15. Ralf Herrmann

    Traffic Sign Typefaces: Italy

    The main typeface used in Italy is called Alfabeto Normale and is a bolder version of the British Transport alphabet. From its use in Spain it is also known as Carreta Conventional or CCRIGE and it is available as Traffic Type Spain from URW++. A slightly thinner version is available for white letters on dark backgrounds. But nonetheless both version are way too bold for today’s retroreflective road signs. It's easy to imagine how the details will get lost when those letters are viewed from a greater distance or when the sign is lit by headlights. This is also true for the condensed style called Alfabeto Stretto, which is also available for positive and negative contrast. City names are always set in uppercase letters, but I usually didn't had trouble reading them, since Italian city names are usually short and set in large sizes. But the overall sign design has many problems. A typical mistake is not to limit the amount of information on the sign. One sign in Italy may present dozens of targets and additional information which are impossible to read even if you would slow down. Road numbers are usually very hard to read, since they are scaled down to fit in a rectangle the size of the capital letters. Another typical Italian problem I encountered was the missing continuity. You might follow a road (let’s say to Venice), but then hit a roundabout where this major target just isn’t listed for any of the available directions. And when it comes to Italian motorways you don’t get a chance to easily correct your direction, since they are all toll routes with very few exits. In the northern part of Italy the signs are usually set in German and Italian, but a typeface borrowed from the U.K. obviously doen’t have German letters …
  16. Ralf Herrmann

    Traffic Sign Typefaces: The Netherlands

    The Netherlands are a special case when it comes to traffic signs… Until recently the organization being in charge of the traffic signs was the ANWB. It was founded as a Dutch bikers(!) society (“Algemeene Nederlandsche Wielrijders Bond”) in 1883 and later became the royal tourist society. In my opinion these roots are still visible in the design of the traffic signs. On local roads you will see a lot of these sign posts, which are certainly based on the old finger-post signs, used long before the invention of the automobile. The typeface used since the 1960s is called ANWB-Ee (also RWS-Ee) and it is based on FHWA series E (Modified) from the United States. A condensed version (ANWB-Cc) is also available and it is based on the FHWA series C design. In the late 1990s Gerard Unger was commissioned to design a new typeface called ANWB-Uu. (source: designworkplan.com) Mr. Unger's task was to create a font which needs less space to fit the text on the smaller fixed-size direction signs. He achieved this goal. But in my opinion the the briefing itself was wrong. The size of a direction sign must be based on the content, not the other way around! What do you do, if you need to set Gasselterboerveenschemond on such a sign? On top of that, I found these sign posts often mounted at the most unfortunate places, for example behind traffic lights or far away and too high above the ground in the middle of a large roundabout, impossible to read. By contrast on a local direction sign in Germany the type size is based on the maximum speed of the traffic at this point and the width of the sign will grow according to the content. Recently the ANWB-Uu typeface is also appearing on the larger motorway (“autosnelwegen”) signs in the Netherlands, but using only a rather condensed typeface on large signs is usually not appropriate. It would at least need a corresponding version that is not condensed and can be used whenever there is enough space. The layout of the signs could also be improved. The signs sometimes appear way too crammed … … or simple but pretty ineffective:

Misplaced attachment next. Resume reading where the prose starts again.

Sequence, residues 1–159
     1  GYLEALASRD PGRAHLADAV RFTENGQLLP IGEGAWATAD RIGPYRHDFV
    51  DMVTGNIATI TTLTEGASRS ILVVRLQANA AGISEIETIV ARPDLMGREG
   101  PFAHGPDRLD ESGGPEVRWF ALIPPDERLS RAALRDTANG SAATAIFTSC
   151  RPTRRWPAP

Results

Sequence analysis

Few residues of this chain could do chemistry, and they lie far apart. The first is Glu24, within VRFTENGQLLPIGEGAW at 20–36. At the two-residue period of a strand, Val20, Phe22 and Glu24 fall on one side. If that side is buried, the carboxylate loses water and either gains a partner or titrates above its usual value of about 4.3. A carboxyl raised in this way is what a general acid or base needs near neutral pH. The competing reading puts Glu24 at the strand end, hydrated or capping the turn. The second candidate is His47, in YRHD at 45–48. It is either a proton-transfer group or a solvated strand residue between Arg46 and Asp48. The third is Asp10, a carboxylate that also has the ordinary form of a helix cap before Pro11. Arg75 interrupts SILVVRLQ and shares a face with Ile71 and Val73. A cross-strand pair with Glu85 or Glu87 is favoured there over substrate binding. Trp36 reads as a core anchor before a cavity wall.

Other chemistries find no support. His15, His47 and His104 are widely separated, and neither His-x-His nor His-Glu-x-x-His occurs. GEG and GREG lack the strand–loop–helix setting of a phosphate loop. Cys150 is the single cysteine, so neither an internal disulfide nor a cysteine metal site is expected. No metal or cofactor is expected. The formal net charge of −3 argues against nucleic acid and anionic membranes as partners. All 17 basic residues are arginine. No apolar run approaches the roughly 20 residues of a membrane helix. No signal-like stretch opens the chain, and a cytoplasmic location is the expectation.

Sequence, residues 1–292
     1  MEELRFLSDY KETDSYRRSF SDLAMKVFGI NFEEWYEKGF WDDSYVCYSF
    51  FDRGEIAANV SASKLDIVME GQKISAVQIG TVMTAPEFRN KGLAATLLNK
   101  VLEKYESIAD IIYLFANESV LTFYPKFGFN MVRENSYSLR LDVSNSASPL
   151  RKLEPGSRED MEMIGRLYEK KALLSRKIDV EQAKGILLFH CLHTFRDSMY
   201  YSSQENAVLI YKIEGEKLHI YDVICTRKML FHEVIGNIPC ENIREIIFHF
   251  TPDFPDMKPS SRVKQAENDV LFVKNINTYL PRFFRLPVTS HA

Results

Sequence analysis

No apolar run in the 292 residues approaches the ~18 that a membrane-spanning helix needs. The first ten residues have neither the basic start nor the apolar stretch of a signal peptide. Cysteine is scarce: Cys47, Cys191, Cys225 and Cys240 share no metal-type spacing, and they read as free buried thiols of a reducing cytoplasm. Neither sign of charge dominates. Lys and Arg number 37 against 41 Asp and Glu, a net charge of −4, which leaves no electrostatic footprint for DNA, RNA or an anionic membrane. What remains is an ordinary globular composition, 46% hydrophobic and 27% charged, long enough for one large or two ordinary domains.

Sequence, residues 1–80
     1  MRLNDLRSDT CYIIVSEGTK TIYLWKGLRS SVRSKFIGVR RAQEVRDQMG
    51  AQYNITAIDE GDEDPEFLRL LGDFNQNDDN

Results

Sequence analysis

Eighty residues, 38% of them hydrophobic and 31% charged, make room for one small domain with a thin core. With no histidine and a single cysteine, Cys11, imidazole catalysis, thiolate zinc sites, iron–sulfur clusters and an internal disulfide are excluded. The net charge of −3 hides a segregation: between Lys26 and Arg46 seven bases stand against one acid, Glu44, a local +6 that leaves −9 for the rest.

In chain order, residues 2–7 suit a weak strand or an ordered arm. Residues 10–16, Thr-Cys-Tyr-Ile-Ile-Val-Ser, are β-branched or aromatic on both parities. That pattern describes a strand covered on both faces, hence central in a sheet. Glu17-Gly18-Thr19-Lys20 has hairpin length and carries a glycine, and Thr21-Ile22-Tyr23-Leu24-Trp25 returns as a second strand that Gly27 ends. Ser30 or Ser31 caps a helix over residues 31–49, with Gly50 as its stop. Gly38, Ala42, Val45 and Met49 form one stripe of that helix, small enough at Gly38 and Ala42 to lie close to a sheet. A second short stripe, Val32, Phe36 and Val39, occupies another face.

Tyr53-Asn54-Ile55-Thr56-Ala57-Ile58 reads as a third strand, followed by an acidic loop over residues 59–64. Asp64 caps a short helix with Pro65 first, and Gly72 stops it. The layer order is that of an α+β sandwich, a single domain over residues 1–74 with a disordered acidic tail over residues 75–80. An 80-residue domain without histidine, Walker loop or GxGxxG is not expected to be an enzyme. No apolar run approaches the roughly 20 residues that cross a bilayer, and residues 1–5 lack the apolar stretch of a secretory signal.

17. Ralf Herrmann

    Traffic Sign Typefaces: DIN 1451 (Germany)